8 weeks, Tuesdays, 6:15 p.m. - 8:15 p.m.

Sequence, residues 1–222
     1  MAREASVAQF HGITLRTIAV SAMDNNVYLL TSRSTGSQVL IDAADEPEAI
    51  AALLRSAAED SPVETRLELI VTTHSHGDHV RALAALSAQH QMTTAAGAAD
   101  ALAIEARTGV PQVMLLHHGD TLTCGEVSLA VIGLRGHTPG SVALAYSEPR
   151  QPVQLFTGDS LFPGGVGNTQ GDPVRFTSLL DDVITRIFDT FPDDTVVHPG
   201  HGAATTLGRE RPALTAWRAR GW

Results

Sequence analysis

Nobel Prize winner Olga Tokarczuk’s book Drive Your Plow over the Bones of the Dead examines what she calls “the systems of mutual connections and influences of which we are generally unaware”: systems including the bond between humans and animals, the role of religious beliefs and practices, the traditions of cultures and society. The book, loosely organized around William Blake’s ode “Auguries of Innocence,” is both timeless and timely. It impels the reader to explore questions such as: Are all things that exist interconnected parts of a single whole? If so, what are the obligations of those with experience to those who are innocent—Blake’s “angels”? Do animals have rights and, if they do, to what lengths must one go to recognize and protect them? What makes us embrace or, alternatively, neglect these duties? In what ways does literature induce us to question long-held beliefs and practices and to assume new responsibilities?
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